Finally, with paper scraps in hand, I made the presentation, uttering the following five sentences which had been given to me on the beach:
“Dr. Joseph Campbell, the Board of Trustees of the California Institute of Integral Studies is privileged and pleased to bestow on you the honorary degree of Doctor of Philosophy and Religion.
“We acknowledge thereby your mastery of these disciplines through your studies of myths and symbols.
Like masters of other disciplines you have realized the Source common to all disciplines – to all wisdom.
A Source which integrates and unifies this creation, which is diverse in appearance but the same in essence.
“So in presenting this degree to you, we honor symbolically that Source – within you and within each of us.”
Thereupon, Dr. Campbell humbly accepted the new honor.
After the program, a very intuitive PhD student with whom I was friendly, approached me and asked: “Ron, was your talk ‘channeled’?” After a moment’s hesitation, I replied “yes”.
From then on I began receiving more and more inner ‘dictation’ of spiritual thoughts, aphorisms and poetry. Even now my “inner voice” is assisting with these memoirs.
*Ron’s notes and brochure from Joseph Campbell event, 10/8/83
“I don’t try to imagine a personal God;
it suffices to stand in awe at the structure of the world,
insofar as it allows our inadequate senses to appreciate it.”
~ Albert Einstein
“I believe in Spinoza’s God who reveals himself in the orderly harmony of what exists, not in a God who concerns himself with fates and actions of human beings.”
~ Albert Einstein
“Atheism is a disease of the soul,
before it becomes an error of the understanding.”
“Small amounts of philosophy lead to atheism,
but larger amounts bring us back to God.”
~ Francis Bacon
“Yes, all one’s confusion comes to an end if one only realizes that it is God who manifests Himself as the atheist and the believer, the good and the bad, the real and the unreal; that it is He who is present in waking and in sleep; and that He is beyond all these.” ….”God alone is the Doer. Everything happens by His will.”
~ Ramakrishna Paramahamsa
“The Atheist is God playing at hide and seek with Himself;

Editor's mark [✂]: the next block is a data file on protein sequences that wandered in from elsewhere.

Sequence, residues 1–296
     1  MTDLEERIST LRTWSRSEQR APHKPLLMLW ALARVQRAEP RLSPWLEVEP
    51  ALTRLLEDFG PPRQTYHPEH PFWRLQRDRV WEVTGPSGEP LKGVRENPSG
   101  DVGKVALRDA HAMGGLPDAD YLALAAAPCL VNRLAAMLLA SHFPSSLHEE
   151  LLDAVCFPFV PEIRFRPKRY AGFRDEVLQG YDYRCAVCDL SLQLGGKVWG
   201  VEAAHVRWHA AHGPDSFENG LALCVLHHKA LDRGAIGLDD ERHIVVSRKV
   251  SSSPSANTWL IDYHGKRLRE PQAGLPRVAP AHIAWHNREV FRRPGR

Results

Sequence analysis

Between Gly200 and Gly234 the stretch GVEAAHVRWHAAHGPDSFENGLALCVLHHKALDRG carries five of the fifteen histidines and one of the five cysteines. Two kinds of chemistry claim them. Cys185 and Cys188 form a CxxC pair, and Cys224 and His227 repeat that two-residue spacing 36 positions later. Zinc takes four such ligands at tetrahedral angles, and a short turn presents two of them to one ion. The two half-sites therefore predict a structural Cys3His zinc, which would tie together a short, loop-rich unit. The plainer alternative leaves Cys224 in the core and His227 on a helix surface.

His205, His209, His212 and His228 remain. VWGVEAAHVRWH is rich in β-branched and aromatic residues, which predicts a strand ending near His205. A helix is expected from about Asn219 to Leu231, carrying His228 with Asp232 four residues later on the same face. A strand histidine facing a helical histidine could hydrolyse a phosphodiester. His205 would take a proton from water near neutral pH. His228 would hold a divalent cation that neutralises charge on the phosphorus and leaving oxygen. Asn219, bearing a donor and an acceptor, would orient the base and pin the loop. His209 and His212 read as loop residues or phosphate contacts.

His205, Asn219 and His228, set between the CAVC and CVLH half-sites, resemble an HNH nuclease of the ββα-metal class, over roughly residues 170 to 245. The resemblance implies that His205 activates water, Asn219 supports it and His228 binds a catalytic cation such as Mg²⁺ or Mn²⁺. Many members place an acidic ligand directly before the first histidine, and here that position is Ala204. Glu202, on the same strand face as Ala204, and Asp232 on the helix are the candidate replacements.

but is the Theist any other?
Well, perhaps; for he has seen the shadow of God and clutched at it.”
~ Sri Aurobindo
“Atheism is a non-prophet organization”
~ George Carlin
“The worst moment for the atheist is when he is really thankful and has nobody to thank.”
~ Dante Gabriel Rossetti
This essay reveals that Albert Einstein was not an atheist or a monotheist; that he was annoyed by anti-religious atheists who selectively quoted him to support their erroneous contention that Einstein was an atheist.
Einstein explicitly denied that he was an atheist. But he revered and did not deny or disbelieve the existence of an impenetrable supreme universal power – which he called Universal Intelligence. He was a modern Western non-dualistic mystic whose religious views paralleled the most elevated non-dualistic ancient Vedic and Buddhist philosophies.
Albert Einstein was not only an acclaimed scientist but a wise philosopher and a pragmatic “true mystic” … “of a deeply religious nature.” (New York Times Obituary, April 19, 1955)
Einstein did not believe in a formal, dogmatic religion, but was reverently awed and humbled with a cosmic religious feeling by the immense beauty and eternal mystery of our Universe.
He often commented publicly on religious and ethical subjects, and thereby became widely respected for his moral integrity and mystical wisdom, as well as for his scientific genius.
Einstein rejected prevalent religious ideas about God, and individual survival of physical death, reincarnation, or of reward or punishment in heaven or hell after physical death. But in an essay entitled The World As I See It, first published 1933, Einstein explained his reverence for God as Eternal Universal Intelligence. He said:
I am a deeply religious man. I cannot conceive of a God who rewards and punishes his creatures, or has a will of the type of which we are conscious in ourselves. An individual who should survive his physical death is also beyond my comprehension, nor do I wish it otherwise; such notions are for the fears or absurd egoism of feeble souls. Enough for me the mystery of the eternity of life, and the inkling of the marvelous structure of reality, together with the single-hearted endeavor to comprehend a portion, be it ever so tiny, of the reason that manifests itself in nature. [The World As I See It]
Because Einstein repeatedly rejected all conventional theistic concepts of a personal “God”, atheists often eagerly have claimed that Einstein was one of them, selectively citing Einstein quotes.
Thus, prominent atheist/scientist Richard Dawkins, devoted an entire section of his book “The God Delusion” to Einstein. And atheist author Christopher Hitchens cited many Einstein quotations in “The Portable Atheist”, mistakenly claiming Einstein rejected all belief in “God”.
Often cited by atheists is a 1954 letter, sometimes called Einstein’s “God” letter, which recently sold for $3 million dollars in an eBay auction. Handwritten by Einstein – a non-observant Jew – to German-Jewish philosopher and author Eric Gutkind, the letter explained Einstein’s rejection of theistic Jewish “God” concepts, superstitions and religious exceptionalism, despite his great appreciation of Jewish culture. It said: